Hatfield pointed out features such as color patterns on the face and top of head, where wings are attached and morphological features such as cheek size to identify the bees found.

Species collected at the Havillah Road site included a Bombus griseocollis (brown-belted bumble bee) found on flax (also known as toad lilly); a Bombus rufocinctus also found on flax; a Bombus centralis, (central bumble bee) found west of the Rockies and east of the Cascades; a Bombus bifarius (two-form bumble bee) found on blanket flower, and a Bombus huntii (Hunt’s bumble bee).

Once identified, the bees were released back into their habitat.

A sweat bee or Halictidae of the genus Halictus was also found.

“She lives alone and does all the work herself, without worker bees, and lives alone in a hole in the ground,” said Hatfield.

Also found was an Osmia lignaria otherwise known as an orchard mason or blue orchard bee found on clover. They are metallic colored, often green or gold.

A stop along Myers Creek Road on the way to Lost Lake produced seven species of bumble bees.

Hatfield captured a large Western bumble bee or Bombus occidentalis, on a wild rose or nootka rose plant.

“The Western is one of three key species, as they are in decline,” said Hatfield. “It’s a very rare find. They used to be common, but are in dramatic decline. They are basically gone from the western side of the state, due to disease.”

Hatfield said it was really helpful know this species was utilizing a wild rose plant.

“We want to know where they are, where they live,” said Hatfield.

Also found were Bombus fervidus (yellow bumble bee) on wild rose; Bombus centralis      (the central bumble bee) on lupine and rose; Bombus rufocinctus  (red-belted bee) on rose, a large “white-shouldered” queen Bombus appositus on rose and a Bombus mixtus commonly called a fuzzy-horned bumble bee due to males having tufts of hair at the end of their antennae.

Bombus bifarius were found on wild rose, scarlet gilia and geranium.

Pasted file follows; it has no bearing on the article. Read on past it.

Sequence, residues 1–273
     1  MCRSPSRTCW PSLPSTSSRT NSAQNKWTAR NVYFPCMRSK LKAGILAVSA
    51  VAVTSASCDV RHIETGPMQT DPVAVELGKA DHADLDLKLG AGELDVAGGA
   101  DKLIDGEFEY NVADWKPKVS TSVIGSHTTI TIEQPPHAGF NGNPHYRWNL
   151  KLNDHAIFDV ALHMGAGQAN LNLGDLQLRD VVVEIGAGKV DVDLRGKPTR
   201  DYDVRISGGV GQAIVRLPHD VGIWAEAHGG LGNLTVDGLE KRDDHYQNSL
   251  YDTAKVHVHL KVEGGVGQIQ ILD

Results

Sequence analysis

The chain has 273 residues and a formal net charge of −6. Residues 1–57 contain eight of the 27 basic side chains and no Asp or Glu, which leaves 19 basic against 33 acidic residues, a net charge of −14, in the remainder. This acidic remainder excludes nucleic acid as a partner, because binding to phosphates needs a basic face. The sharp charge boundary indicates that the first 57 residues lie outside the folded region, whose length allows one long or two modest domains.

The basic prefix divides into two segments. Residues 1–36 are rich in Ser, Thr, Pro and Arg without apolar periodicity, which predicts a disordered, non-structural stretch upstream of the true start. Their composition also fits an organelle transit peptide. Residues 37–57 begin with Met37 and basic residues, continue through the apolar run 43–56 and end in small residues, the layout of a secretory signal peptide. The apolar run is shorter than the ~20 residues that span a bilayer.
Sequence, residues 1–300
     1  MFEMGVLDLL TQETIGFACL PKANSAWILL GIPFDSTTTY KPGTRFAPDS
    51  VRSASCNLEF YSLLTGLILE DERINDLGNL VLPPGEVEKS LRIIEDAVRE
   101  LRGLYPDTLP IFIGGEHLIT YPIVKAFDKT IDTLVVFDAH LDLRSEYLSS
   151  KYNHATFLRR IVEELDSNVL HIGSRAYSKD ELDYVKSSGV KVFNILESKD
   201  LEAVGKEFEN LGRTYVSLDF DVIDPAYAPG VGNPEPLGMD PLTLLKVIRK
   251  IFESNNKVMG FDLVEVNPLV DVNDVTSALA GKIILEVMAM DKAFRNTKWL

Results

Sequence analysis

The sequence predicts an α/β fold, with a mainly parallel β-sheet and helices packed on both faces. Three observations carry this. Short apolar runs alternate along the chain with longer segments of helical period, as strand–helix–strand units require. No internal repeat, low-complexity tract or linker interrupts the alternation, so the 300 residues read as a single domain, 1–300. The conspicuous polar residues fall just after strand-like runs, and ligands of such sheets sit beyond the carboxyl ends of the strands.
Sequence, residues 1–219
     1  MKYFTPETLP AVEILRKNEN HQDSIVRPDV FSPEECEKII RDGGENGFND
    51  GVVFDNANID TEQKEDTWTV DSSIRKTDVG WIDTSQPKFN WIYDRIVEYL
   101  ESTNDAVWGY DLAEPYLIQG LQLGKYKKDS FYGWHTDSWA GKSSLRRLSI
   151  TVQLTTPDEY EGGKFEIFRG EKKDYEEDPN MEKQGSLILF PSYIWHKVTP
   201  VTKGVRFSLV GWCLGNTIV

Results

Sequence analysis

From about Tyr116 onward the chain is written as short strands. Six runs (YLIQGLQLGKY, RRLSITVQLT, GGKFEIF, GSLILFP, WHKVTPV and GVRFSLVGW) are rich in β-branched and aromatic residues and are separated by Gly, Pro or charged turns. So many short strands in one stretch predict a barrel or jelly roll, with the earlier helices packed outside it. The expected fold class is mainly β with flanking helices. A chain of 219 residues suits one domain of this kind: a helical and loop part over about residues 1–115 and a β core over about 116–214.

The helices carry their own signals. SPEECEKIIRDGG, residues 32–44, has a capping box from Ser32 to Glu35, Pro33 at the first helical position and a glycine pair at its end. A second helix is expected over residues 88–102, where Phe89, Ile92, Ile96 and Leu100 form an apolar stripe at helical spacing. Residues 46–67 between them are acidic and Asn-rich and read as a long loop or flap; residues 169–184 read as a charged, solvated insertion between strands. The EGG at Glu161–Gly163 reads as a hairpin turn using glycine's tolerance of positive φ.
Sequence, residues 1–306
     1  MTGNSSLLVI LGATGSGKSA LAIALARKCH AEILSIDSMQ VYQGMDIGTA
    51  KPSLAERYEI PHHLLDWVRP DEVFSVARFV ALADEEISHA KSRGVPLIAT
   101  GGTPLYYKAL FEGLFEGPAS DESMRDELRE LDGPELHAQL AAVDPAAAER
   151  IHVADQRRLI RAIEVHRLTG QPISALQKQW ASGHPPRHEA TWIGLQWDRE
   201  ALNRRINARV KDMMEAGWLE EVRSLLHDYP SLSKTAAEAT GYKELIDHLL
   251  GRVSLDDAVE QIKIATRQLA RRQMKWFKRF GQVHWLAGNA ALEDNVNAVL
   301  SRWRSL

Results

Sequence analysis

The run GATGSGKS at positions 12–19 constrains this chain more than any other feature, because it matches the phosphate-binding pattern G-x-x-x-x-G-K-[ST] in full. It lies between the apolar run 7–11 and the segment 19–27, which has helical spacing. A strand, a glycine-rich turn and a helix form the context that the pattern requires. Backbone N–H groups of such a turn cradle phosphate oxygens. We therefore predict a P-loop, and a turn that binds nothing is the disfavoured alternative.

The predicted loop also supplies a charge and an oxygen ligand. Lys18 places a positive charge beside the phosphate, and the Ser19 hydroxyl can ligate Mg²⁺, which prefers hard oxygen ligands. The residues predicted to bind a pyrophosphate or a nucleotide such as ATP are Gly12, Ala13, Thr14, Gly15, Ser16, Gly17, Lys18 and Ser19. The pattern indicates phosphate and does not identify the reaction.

Maria Welton caught a sweat bee of the genus Agapostemon, a bee known for it’s metallic green color, on a scarlet gilia plant.

A digger bee of the genus Andrea, often called “mining bees,” was also found on a scarlte gilia plant.

A search along the water’s edge at Lost Lake produced several species of bumble bees, many of them found on snowberry blossoms.

“One of the great lessons from snowberry is to look at all plants, not just the spectacular ones,” said Hatfield.

Bees found included Bombus mixtus on snowberry and raspberry, Bombus bifarius on rose, raspberry and snowberry, Bombus flavifrons on snowberry, and Bombus melanopygus or black-tailed bumble bee.

A megachilidae, known as a leafcutter bee, was also found on snowberry.

A Bombus flavidus, one of three different Cuckoo bumble bees, was also found.

“Cuckoo bumble bees don’t make their own nest, but steal another’s and use the worker caste to raise her young,” said Hatfield. “She kills the other queen. They don’t collect pollen, and have a hairy back leg.”

Hatfield pointed out how the cuckoo’s abdomen was curved under the body “in a position to fight.”

“That’s how their body is designed, to be aggressive,” said Hatfield.

He said both the megachilidae and flavifrons were good finds.

Bumble bees live in colonies of 50 to 500 members, smaller than honey bee colonies which can contain over 10,000 individuals. Also unlike honey bees, bumble bee colonies are annual, with the newly-produced queens the only ones to live through the winter.

They are an important part of the agricultural economy, contributing to successful harvests on farms.

According to the Xerces Society, causes of their decline include loss and fragmentation of habitat, pesticide exposure, climate change, overgrazing, competition with honey bees, low genetic diversity, and the introduction and distribution of bee pathogens into the environment from commercial pollinators.

A detailed set of conservation guidelines called “Conserving Bumble Bees” is available from the Xerces Society at www.xerces.org/bumblebees/guidelines.

The next Highland Wonders field trip is “Digital Tools for Naturalists,” scheduled for July 13 at Lost Lake. Preregistration is required. For more information, visit okanoganhighlands.org/education/highland-wonders.